By EpicSteve 10 Comments
EDIT: Saw The Book of Mormon and really digged it. This review is a tad more formal than my usual stuff. It's going in a newspaper.
The Book of Mormon manages to satirize, offend, evoke laughter, make powerful statements on religion, and be heartwarming and irreverent all at the same time. The show brings in $19.5 million every month on average, making it the most successful musical in four decades. The show also recently swept through the Tony awards winning virtually every major award including Best Musical, Best Actress, and Outstanding Music.
Written by Trey Parker and Matt Stone of South Park fame and musical writer, Robert Lopez, The Book of Mormon stems from Parker and Stone’s huge success in writing music for South Park along with their satirical take on American exceptionalism, Team America: World Police (2004).
The show is certainly much more crude than most Broadway goers are probably used to. There are tons of subtle (and not too subtle) sexual references and vulgar language. Yet like the past few years of South Park, the vulgarity isn’t there for shock value like Family Guy.
The musical tells the story of two Mormons on a missionary trip to Uganda to convert locals. The pair try to share their religious text that they believe is the third part of the Bible, The Book of Mormon. Only one of the missionaries have actually read the book and the Uganda village is more concerned with the war, famine, AIDS, and poverty that have always plagued them. The Mormons try to convince the villagers to seek help through Christ and slowly the pair question if faith is enough to combat serious problems.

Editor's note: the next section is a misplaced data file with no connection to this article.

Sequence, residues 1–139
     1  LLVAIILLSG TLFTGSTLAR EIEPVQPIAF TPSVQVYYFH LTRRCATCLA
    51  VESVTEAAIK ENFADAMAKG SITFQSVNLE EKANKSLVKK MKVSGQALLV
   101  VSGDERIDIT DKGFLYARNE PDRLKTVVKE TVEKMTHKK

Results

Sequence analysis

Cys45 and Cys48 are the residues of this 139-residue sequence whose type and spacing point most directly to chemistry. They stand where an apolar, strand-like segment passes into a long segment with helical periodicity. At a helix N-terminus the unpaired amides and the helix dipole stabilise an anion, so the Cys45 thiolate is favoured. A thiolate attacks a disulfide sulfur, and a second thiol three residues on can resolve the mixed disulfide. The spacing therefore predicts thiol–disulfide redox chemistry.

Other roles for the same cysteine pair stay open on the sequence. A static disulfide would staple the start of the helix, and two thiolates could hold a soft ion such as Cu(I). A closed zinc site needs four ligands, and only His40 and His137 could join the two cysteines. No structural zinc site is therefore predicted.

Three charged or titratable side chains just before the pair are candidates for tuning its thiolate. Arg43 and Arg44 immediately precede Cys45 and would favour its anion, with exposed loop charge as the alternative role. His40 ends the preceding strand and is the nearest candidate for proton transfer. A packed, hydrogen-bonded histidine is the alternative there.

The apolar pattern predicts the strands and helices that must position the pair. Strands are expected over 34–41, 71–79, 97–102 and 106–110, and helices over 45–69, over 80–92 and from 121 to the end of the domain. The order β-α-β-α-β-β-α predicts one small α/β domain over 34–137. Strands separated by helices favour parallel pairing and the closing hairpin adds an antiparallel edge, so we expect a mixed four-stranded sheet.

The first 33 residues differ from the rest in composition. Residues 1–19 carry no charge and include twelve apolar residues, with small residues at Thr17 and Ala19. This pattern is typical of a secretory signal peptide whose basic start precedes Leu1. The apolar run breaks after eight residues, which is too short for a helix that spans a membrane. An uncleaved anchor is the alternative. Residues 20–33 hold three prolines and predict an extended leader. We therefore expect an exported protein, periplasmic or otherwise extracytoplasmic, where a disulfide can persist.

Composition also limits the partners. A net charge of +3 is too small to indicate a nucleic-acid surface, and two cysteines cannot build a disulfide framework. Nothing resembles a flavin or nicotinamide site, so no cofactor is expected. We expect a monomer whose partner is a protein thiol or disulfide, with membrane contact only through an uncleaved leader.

The Book of Mormon certainly has the South Park flavor of sensibility and edge. The show points at the absurdity at Mormonism, and that is arguably just a platform to lampoon against religion as a whole. On the surface, the entire musical satirizes organized religion and challenges the credibility of Mormonism.
Yet, The Book of Mormon manages to be gentle at the same time. Yes, it presents people of faith as cartoonish and gullible. For instance in the song “I Believe”, the protagonist is recovering his faith and sings lines like, “And I believe God lives on a planet called Kolob, and in 1978 God changed his mind about black people!”. Those two statements are official stances the church takes and the character totally sings these lines as genuine beliefs, but is presented with a wink and nod to how silly the established church can be.
The Mormons are still presented as great and optimistic people that are just out there in the world doing their best. The ending is heartwarming and communicates that no matter how ridiculous or illogical religious doctrine might be that doesn’t take away from its power.
The Book of Mormon has the potential be offensive but it still managed to be one of the most harmonious pieces of entertainment I’ve seen. Stone and Parker are far more endearing to religion as opposed to someone like Bill Maher. On the surface there are constant jabs at religion, AIDS jokes, and suggests that the Mormon profit Joseph Smith was a total fraud. The show also flirts with the idea that religion is in a vicious cycle of reinventing itself to gain control over people. Upon further examination, nothing in the play comes off as malicious. Instead it feels like it’s trying to communicate that while a lot of beliefs are silly, Mormons are still incredibly charming.
I laughed at all the songs and jokes and appreciated the smart score. The Book of Mormon had me walk away appreciating the Mormons. It commands the audience to still respect these people. Despite being apart of a church, the group manages to be extremely devout, polite, and hardworking people. The play is more of a friendly hazing than rude. Stone and Parker continue to be the masters of crude humor while building a subtle and powerful punchline in the background.
Below is a video from the play showcasing the song I referenced: